What is nightmare disorder?

Updated: Aug 08, 2018
  • Author: Daniel R Neuspiel, MD, MPH, FAAP; Chief Editor: Caroly Pataki, MD  more...
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Sleep disorders, or parasomnias, occur in 35–45% of children aged 2–18 years. Common sleep disorders in children include sleepwalking, sleeptalking, night terrors, and nightmares.

Childhood parasomnias are believed to be benign disorders caused by immaturity of neural circuits, and most resolve during adolescence. [1]

Nightmares are defined as “recurrent episodes of awakening from sleep with recall of intensely disturbing dream mentation, usually involving fear or anxiety, but also anger, sadness, disgust, and other dysphoric emotions.” [2]

Nightmare disorder is defined in the Diagnostic and Statistical Manual of Mental Disorders, Fifth Edition (DSM-5) as repeated awakenings with recollection of terrifying dreams, usually involving threats to survival, safety or physical integrity. [3]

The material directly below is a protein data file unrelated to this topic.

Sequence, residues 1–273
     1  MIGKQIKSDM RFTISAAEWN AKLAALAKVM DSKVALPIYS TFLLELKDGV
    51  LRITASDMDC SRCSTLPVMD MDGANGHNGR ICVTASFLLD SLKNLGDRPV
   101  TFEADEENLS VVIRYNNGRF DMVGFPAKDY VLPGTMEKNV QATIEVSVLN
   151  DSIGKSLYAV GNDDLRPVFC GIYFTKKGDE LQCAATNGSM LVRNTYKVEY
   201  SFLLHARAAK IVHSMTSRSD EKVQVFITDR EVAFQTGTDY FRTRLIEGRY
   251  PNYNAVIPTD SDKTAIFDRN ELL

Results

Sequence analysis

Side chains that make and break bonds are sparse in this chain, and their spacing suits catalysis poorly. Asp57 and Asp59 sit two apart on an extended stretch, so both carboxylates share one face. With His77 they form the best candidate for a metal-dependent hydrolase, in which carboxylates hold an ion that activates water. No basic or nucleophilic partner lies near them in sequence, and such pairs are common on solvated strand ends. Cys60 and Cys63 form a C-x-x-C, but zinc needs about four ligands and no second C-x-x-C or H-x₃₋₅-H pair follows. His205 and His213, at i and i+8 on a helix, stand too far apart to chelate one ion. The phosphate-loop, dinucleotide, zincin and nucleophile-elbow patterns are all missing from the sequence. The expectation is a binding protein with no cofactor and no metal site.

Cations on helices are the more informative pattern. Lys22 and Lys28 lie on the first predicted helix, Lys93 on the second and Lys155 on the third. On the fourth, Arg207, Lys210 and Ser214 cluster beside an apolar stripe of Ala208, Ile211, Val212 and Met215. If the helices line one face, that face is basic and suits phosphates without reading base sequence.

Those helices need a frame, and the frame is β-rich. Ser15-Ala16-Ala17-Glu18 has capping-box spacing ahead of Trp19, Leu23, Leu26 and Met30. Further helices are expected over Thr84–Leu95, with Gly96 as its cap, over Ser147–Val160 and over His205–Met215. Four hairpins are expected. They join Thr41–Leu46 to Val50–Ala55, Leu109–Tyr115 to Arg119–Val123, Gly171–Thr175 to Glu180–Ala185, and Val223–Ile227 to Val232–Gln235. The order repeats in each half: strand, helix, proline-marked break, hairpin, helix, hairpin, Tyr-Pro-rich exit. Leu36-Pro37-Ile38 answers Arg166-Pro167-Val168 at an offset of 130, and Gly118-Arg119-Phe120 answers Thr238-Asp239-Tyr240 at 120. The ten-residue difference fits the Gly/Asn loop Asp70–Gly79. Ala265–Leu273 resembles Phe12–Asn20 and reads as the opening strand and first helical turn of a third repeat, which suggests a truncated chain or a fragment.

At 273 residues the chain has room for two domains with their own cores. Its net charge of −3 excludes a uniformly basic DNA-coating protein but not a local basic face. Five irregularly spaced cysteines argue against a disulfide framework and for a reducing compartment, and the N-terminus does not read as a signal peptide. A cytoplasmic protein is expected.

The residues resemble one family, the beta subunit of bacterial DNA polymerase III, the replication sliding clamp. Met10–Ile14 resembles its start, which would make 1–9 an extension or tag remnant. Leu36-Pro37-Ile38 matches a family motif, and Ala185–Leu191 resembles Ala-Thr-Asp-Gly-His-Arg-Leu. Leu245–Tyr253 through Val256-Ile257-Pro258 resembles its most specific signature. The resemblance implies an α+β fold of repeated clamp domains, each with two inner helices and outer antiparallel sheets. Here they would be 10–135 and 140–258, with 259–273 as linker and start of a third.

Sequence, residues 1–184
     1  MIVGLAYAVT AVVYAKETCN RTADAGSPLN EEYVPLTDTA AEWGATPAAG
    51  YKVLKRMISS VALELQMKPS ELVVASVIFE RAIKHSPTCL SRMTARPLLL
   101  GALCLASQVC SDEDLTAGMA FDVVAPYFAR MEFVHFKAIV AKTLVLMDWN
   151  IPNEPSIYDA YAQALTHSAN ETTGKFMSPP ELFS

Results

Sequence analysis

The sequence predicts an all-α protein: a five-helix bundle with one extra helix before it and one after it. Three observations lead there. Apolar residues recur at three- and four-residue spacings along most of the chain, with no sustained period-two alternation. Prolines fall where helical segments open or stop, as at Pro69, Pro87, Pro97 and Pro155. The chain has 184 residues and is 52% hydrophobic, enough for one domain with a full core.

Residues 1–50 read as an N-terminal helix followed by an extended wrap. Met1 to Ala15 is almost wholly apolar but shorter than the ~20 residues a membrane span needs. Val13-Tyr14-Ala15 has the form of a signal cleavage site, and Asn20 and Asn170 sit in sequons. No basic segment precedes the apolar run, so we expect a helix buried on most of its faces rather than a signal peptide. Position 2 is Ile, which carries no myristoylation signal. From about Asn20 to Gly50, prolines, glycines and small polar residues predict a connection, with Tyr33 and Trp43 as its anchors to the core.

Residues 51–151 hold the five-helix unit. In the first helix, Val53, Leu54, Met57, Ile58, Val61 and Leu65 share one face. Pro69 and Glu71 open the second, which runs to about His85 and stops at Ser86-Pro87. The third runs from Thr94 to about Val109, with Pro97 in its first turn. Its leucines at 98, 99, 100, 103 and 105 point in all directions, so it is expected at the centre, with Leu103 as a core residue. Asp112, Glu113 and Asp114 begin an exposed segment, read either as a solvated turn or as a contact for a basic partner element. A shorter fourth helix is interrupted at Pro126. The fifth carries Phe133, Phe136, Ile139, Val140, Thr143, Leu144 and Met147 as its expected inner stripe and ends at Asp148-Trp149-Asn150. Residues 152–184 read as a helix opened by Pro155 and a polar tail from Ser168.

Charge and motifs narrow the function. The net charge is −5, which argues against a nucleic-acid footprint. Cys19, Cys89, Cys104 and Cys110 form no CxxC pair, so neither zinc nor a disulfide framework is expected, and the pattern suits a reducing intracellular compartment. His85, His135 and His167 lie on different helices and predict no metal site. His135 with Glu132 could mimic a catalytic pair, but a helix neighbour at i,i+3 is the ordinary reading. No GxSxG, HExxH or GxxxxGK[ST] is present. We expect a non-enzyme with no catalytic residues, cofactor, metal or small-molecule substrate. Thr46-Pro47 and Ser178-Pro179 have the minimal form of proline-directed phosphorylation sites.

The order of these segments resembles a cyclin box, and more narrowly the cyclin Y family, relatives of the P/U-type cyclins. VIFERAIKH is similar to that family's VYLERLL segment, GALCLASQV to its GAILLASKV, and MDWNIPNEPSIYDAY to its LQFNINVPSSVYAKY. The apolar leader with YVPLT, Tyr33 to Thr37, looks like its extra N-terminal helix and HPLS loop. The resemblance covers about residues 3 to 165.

Nightmares are frightening events for a child and may be concerning for the family; however, they are transient and developmentally normal for most children. [4]

Upon awakening from a nightmare, the child is alert and able to recall the dream in detail. The child's reaction to the nightmare may interrupt the parents' sleep. In the morning, children often recall the arousal. The sleep disturbance may impair the child’s daily functioning.

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